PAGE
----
Harper government's omnibus crime bill gets outed

Violence is on the decline, and we are living in the most peaceful century in history.

It’s an optimistic but controversial statement about our world, and it’s the claim of Harvard professor Steven Pinker, who recently spoke in Ottawa.

Pinker is the author of a provocative new book, The Better Angels of our Nature: Why Violence has Declined, which claims there has been a centuries-long decline in violence and seeks to explain why. His book could not have come at a better time for Canada.

With the Conservative government trying to push through the expensive and excessive C-10 crime bill, the Harper team could benefit from Pinker’s primary points: Context matters, and so do statistics.

It’s common for us to claim the 20th century as the bloodiest in history. With two world wars, the introduction of nuclear weaponry, and countless inter- and inner-state conflicts, who can blame us? But Pinker points out that we’re suffering from a lack of context: When you compare recent history to centuries of human existence, he says, we’ve got it pretty good. Analysing deaths as a percentage of population, Pinker argues we are less likely to die a violent death than any other people in history. In making his 848-page argument, Pinker uses an extraordinary heap of historical data and statistics. Even if you don’t agree with his conclusions, you can’t say he wasn’t abundant in his research.

The Conservative government should take a cue from Pinker and harness the power of data, statistics and context. The Canadian crime rate is at its lowest since the 1970s, but Harper and his justice minister are more interested in packing our prisons than the facts. The following gem came from federal Justice Minister Rob Nicholson, “We do not use statistics as an excuse not to get tough on criminals.” (A sentiment to which Jean-Marc Fournier, Quebec’s justice minister, later responded, “Science is useful. At some point, someone discovered that the Earth is round.”)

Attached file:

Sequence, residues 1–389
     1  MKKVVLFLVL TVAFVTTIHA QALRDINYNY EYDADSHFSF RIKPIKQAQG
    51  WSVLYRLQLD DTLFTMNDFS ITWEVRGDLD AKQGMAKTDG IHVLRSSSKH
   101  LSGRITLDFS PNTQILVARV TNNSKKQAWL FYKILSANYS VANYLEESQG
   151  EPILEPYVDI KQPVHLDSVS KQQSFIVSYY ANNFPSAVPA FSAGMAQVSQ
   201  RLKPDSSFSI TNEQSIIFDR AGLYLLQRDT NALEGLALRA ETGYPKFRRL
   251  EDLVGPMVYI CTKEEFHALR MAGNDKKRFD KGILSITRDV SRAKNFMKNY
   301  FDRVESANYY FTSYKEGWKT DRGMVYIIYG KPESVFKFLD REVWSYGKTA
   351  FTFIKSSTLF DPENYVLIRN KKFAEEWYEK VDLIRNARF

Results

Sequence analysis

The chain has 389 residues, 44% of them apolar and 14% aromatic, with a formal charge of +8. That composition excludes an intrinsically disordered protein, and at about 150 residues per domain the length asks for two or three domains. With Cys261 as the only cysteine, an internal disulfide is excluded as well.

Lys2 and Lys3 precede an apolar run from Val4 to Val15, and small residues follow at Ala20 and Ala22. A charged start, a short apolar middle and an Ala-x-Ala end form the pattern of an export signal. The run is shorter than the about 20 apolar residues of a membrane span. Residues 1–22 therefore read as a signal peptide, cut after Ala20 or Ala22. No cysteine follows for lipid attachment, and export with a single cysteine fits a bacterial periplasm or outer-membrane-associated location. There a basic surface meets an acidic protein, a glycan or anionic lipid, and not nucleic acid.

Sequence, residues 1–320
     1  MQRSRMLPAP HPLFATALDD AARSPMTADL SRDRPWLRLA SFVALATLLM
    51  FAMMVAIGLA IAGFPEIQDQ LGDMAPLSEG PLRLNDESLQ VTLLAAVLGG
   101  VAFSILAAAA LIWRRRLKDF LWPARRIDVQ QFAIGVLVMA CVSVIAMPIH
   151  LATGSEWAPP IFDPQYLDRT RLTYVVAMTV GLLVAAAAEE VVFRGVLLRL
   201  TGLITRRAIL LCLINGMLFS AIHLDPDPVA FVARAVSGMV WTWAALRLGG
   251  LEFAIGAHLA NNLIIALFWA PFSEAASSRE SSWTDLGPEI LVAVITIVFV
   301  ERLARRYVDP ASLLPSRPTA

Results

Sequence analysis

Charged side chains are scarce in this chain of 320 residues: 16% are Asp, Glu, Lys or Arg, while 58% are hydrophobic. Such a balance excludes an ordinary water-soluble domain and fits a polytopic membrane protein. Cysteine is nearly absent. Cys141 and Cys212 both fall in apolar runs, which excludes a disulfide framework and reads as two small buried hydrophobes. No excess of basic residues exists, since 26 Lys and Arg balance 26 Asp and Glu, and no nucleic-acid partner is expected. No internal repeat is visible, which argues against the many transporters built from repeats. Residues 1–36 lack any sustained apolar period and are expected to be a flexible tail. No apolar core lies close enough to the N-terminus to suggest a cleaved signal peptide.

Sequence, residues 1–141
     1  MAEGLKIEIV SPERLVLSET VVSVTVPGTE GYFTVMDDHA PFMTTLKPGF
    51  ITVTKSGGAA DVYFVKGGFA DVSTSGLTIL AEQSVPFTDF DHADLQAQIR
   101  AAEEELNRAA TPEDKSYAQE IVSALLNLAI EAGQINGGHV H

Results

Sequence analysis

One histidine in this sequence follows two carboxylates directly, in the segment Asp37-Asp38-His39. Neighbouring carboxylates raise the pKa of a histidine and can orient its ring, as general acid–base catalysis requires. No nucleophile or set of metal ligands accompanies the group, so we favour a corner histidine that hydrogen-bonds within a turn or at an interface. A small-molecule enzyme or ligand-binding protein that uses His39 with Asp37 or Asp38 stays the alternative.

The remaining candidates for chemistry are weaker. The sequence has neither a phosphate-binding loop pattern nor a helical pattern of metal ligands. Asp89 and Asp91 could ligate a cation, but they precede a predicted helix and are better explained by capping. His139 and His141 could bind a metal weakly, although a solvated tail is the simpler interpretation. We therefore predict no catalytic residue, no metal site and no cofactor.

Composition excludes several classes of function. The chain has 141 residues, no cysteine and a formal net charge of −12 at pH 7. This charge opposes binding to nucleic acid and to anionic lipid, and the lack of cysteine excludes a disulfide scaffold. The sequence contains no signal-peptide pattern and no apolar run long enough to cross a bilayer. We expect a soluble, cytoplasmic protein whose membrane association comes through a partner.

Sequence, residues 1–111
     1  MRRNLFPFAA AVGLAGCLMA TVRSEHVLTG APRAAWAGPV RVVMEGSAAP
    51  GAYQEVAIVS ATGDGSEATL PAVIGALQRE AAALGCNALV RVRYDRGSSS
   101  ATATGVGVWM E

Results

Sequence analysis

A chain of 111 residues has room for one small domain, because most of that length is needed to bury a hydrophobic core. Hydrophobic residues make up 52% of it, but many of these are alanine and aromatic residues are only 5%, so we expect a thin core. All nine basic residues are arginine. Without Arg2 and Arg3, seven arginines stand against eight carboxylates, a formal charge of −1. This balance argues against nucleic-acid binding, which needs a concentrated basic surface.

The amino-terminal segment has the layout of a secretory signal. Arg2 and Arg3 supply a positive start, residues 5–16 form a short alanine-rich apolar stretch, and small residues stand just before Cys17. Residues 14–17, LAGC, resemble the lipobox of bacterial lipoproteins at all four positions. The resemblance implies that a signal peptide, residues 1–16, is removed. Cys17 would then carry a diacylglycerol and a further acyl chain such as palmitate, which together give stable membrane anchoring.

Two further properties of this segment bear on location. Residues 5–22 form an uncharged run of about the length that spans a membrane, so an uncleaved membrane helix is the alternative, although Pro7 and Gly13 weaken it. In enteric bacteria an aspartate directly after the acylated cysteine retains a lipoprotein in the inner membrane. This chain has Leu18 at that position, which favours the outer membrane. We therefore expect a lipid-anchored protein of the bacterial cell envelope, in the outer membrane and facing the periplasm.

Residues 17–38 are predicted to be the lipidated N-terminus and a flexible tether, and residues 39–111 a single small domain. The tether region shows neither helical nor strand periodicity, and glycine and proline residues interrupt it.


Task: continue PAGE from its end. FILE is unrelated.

If what Nicholson says is true, the government is putting forward a costly bill in the face of the lowest homicide and crime rates in decades. (Homicide rates are more likely to be reported than any other crime and so are an indicator of a country’s general crime trends). It’s doing this in the context of an already enormous increase in federal prison costs since the Conservatives took power, and despite a significant amount of solid research that suggests filling prisons is not the path to a crime-free nation.

It’s time for the federal government to get some hard data and start thinking critically. They need to explain from where their decisions come, if not from empirical evidence. I want a government that proposes informed legislature based on what’s best for Canadians — and that can’t only come from public opinion. Just because approximately 44 per cent of Canadians think crime is on the rise (according to a 2010 Angus Reid poll) doesn’t make it so.

To Harper and Nicholson: Since you and your party seem to have missed the class on crime in Canada, I have created for you a very brief cheat sheet. It includes a small sample of the information you may want to consider next time you approach the topic. And yes, you may use it in Parliament.

About the writer:

Amanda Shendruk is a young entrepreneur and owner of Aesthetic Intelligence, an information design company in Ottawa. Twitter:@ashendruk

Internet site reference: http://www.OttawaCitizen.com


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